ASIPP Position on Single-dose Vials Receives Support from Bipartisan Group of Lawmakers

Pain ManagementJune 2012
Volume 5
Issue 4

Several Senators and Representatives call the current regulations wasteful and poorly conceived, and say they will work to make needed changes.

Several Senators and Representatives call the current regulations wasteful and poorly conceived, and say they will work to make needed changes.

The 2012 annual meeting of the American Society of Interventional Pain Physicians (ASIPP) featured a lengthy and informative Q&A session Tuesday morning with several US Senators and Representatives, with the majority of the discussion focused on three key issues identified by ASIPP leadership as being of vital importance to the practice of interventional pain medicine:

  • Secure ongoing funding for the National All Schedules Prescription Electronic Reporting Reauthorization Act (NASPER), which is a program administered by the US Department of Health and Human Services that grants money to states to fund prescription drug monitoring programs.
  • Eliminate the current Centers for Disease Control and Prevention (CDC) and Centers for Medicare and Medicaid (CMS) guidelines requiring that physicians use one single-dose vial of injectable medications per patient.
  • Eliminate the Patient-Centered Outcomes Research Institute (PCORI) established under the Accountable Care Act to promote comparative effectiveness research.

Of these three hot-button topics, the single-dose vial issue received by far the most attention from ASIPP members and legislators alike. In a nutshell, the CDC and CMS, in the interest of promoting safe infection control practices and procedures, require that vials of injectable drugs labeled by the manufacturer as “single dose” or “single use” should be used by clinicians for only one patient, with the rest of the unused medication to be disposed of properly. The CDC claims that, because these medications typically lack antimicrobial preservative, they are vulnerable to potential contamination “and serve as a source of infection when they are used inappropriately.”

ASIPP contends that these guidelines “are not based on evidence or sound reasoning, but rather are based on limited case-reports, inaccurate and incomplete information, and conjecture” and that they are “overreaching, expensive, and burdensome to the practice of medicine and may ultimately result in reduced access” to needed care, especially closed procedures including interventional techniques. ASIPP chairman and CEO Laxmaiah Manchikanti, MD, noted during a session earlier at the conference that a study involving more than 3,000 patients and more than 18,000 procedures performed in an ambulatory surgery center that used standard precautions for clean procedures and safe injection practices found no evidence of infections of any significance associated with the use of single dose vials for multiple patients.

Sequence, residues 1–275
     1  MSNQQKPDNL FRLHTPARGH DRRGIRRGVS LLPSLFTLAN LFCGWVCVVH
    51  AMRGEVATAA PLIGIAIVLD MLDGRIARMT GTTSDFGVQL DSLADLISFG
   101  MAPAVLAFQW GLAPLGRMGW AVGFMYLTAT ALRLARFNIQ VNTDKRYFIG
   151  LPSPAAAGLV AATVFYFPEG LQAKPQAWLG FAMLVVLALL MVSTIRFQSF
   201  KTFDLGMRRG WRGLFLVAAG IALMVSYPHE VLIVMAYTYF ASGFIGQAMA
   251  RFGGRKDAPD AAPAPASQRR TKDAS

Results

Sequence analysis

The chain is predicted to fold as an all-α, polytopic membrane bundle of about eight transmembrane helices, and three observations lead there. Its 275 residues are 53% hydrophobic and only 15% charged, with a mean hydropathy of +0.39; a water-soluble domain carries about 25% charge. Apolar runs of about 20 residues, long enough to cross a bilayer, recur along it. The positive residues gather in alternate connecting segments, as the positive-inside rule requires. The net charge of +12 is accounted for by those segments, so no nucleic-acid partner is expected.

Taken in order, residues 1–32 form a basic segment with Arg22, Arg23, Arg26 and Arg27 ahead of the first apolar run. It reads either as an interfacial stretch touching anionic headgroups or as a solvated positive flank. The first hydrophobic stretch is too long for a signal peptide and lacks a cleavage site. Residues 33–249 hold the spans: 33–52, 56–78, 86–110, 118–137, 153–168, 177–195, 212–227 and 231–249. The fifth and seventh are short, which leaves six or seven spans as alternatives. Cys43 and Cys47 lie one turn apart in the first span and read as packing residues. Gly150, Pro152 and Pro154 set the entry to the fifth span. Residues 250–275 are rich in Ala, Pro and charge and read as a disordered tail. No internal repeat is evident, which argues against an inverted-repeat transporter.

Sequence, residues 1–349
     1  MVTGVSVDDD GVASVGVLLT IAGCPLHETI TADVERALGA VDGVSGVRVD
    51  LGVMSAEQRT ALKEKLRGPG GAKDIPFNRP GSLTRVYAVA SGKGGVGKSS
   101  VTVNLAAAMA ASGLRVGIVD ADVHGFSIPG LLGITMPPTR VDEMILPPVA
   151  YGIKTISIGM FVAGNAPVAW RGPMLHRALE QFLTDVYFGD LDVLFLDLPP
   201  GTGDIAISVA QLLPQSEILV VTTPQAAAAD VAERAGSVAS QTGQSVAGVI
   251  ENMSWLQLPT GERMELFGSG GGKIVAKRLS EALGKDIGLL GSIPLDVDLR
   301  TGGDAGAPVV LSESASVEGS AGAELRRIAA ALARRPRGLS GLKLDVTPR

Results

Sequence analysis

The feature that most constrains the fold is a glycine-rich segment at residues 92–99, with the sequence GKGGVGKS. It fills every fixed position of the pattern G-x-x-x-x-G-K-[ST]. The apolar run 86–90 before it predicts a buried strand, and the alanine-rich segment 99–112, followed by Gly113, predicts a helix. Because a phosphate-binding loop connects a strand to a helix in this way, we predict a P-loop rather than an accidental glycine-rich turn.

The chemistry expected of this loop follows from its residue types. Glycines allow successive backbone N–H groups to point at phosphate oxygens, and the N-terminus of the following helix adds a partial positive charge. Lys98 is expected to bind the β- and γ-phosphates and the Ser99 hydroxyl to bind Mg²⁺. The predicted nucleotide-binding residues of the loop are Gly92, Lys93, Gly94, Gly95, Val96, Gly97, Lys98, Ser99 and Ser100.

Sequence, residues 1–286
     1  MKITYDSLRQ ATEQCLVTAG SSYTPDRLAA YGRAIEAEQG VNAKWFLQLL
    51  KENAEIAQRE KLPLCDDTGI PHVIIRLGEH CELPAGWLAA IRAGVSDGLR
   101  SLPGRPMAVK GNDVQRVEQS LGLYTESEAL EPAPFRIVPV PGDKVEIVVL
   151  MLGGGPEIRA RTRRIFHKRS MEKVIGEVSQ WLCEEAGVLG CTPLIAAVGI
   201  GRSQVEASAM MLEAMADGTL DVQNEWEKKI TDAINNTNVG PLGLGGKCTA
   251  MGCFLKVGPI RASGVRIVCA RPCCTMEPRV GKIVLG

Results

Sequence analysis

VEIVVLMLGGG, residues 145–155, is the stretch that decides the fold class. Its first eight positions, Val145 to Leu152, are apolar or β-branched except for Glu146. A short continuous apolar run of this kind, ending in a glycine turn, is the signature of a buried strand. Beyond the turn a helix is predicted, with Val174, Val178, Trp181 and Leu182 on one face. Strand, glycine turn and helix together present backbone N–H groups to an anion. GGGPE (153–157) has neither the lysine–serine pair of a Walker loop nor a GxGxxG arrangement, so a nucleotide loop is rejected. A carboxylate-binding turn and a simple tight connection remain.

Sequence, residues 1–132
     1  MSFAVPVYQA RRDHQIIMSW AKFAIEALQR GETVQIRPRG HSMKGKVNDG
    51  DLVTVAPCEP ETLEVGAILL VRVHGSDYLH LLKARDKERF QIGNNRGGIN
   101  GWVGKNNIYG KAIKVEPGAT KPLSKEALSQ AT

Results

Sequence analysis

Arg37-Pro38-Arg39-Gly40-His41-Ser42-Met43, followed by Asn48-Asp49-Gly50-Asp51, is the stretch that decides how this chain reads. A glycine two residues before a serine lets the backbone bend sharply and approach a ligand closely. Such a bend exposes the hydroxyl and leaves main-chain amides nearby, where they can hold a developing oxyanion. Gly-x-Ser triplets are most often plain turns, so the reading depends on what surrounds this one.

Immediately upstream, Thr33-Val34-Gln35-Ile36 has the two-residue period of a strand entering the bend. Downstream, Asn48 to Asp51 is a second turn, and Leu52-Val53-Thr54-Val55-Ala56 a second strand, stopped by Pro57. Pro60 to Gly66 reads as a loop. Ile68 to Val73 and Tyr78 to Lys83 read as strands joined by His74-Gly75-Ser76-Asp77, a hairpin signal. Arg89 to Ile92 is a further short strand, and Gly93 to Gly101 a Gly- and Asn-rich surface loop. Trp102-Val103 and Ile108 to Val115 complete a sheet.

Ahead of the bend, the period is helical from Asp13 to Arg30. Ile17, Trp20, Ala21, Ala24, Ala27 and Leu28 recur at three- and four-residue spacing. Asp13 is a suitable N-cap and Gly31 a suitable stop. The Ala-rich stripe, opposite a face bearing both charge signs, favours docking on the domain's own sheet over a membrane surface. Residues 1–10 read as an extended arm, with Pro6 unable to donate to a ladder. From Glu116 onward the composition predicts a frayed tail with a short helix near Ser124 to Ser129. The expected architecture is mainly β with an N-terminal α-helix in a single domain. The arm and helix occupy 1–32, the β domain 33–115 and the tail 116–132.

It is ASIPP’s position that, not only are these guidelines not grounded in evidence or sound reasoning, but that compliance with them is extremely expensive and “may lead to an inability to perform these procedures and may put many practices out of business, ultimately eliminating access to services.” This is because, according to ASIPP, the cost of single-dose vials is “enormous, with the procedural cost of contrast medium [for example] jumping from $6 to $60 in the face of increasing regulations and decreasing reimbursement.” If practices are required to adhere to the single-dose vial rules, this will result in significantly increased costs for each procedure and significant wastage of injectable drugs, many of which are already experiencing shortages. ASIPP claims that because the current reimbursement levels for the procedures that utilize these drugs are less than the projected increase in costs due to compliance with the single-dose vial rule, “it is clear that the end result could feasibly be the complete elimination of these procedures” by practices that cannot afford to offer them.

During the Q&A session, several legislators voiced support for the ASIPP position regarding the single-dose vial issue. Rep. Edward Whitfield (R-KY) said that this “illustrates how health care is becoming micromanaged by bureaucrats.” Sen. John Boozman (R-AR), an optometrist by training, said that he has worked hard to get the regulatory agencies to understand the single-dose vial issue, which the senator said is an illustration of “the lack of common sense in the regulatory process, which ultimately drives up costs for business.”

Rep. Andy Harris, MD, (R-MD) also supported modifying the single-dose vial rules, noting that he and several other House colleagues had signed a letter to HHS Secretary Kathleen Sebelius stating that the current one vial per patient rules do not reduce health care-acquired infections, but instead “increase costs for providers and taxpayers without improving quality.” He also said that physicians should be insulted that they’re basically being told by CDC and CMS that those organizations do not believe that physicians are capable of following safe injection practices and acting in the interests of patient safety. Sen. David Vitter (R-LA) concurred, saying that the current single-dose vial regulations “are an example of a bureaucratic mandate that defies common sense and wastes enormous amounts of needed medications.”

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